May 4, 2011

Great garden peonies


Landscape professionals rarely use peonies in modern garden design. I would have to assume that everyone in our industry at least knows what a peony is – it is, after all, one of the most basic of plants used in Canadian garden design. Who doesn't remember visiting Grandma's house in late spring or early summer and witnessing the massive blooms on shrub-like plants growing in the middle of the lawn? Of course we are no longer allowing peonies to reach maturity in the middle of lawns any more, but hopefully the way we used this fantastic plant in past will give you some idea of its resilience. Peonies have an incredibly long lifespan, and rarely require maintenance other than a wire frame to hold up the heavy flowers.

Today most peony plants are sold simply as red double, pink double or white double — pretty generic. I have to suggest this is based simply on price. The three basic colours have traditionally been the most cultivated, and to grow a peony clump large enough to divide is a relatively slow process. Peonies in general need to be grown in full sun, in well-drained soil with slightly more than average water. These plants have relatively low fertilizer requirements (specifically nitrogen); over-fertilization will result in fewer buds. These characteristics make growing peonies even better — lower maintenance on very long-lived specimens, without even mentioning the massive blooms on tidy bushes.

Peonies are categorized into three groups: early, mid- and late season, all related to bloom time. The early season begins early to mid-May and the late season blooms end late June to early July. Within each of these groups, four distinct flower types appear: single flowers (typical "basic" flower form, petals surrounding sexual structure); double flowers (the good old fashioned peony bloom); semi-double flowers, typically having half as many petals as a double-flowering; and Japanese/Chinese flowers, also known as anemone type, outside petals similar to single-flowering with modified petals filling the centre of the flower. This is the simplified version of the peony family, and I am only describing the standard garden peony that recedes back to the ground in fall. Tree peonies are another can of worms we'll leave alone for now!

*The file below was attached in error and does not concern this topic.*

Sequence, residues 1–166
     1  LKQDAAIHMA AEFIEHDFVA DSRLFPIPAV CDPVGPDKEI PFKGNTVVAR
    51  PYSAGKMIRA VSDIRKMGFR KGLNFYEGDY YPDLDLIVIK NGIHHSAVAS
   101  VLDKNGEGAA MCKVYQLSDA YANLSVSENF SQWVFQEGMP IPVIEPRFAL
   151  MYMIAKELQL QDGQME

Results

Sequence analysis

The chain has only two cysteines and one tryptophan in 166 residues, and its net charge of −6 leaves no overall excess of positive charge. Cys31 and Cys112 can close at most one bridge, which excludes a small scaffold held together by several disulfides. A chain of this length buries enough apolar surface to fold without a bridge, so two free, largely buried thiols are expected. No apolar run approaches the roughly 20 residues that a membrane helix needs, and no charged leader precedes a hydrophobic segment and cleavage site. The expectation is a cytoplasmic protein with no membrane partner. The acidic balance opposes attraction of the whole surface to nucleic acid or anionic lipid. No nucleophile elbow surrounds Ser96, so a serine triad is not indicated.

Listed below are some of the varieties I prefer. All have nearly identical growing requirements as mentioned above, and are hardy to zone two. Plant peonies spaced well apart and leave them alone; they will be happy for years to come.

Paeonia 'Bowl of Beauty'
100 cm, Japanese-type bloom, mid-season.
Strong pink outer petals with sharply contrasting yellow centre.
Photo Van Noort Bulb Co.

Paeonia lactiflora 'Flame'
60 cm, Japanese-type bloom, mid-season.
 Large, red outer petals with bright yellow centre.
Photo Van Noort Bulb Co.

Paeonia 'Gardenia'
85 cm, double flower, mid-season.
Large, white blooms and very fragrant.

Paeonia 'Kirinmaru'
90 cm, double bloom, late season. Another unusual bloom;
fully double with white and red streaked petals.

Paeonia 'Sword Dance'
90 cm, Japanese-type bloom, mid-season.
Deep red outer petals with strong yellow centres.

David Van de Ven is a perennial grower in Mount Albert, Ont.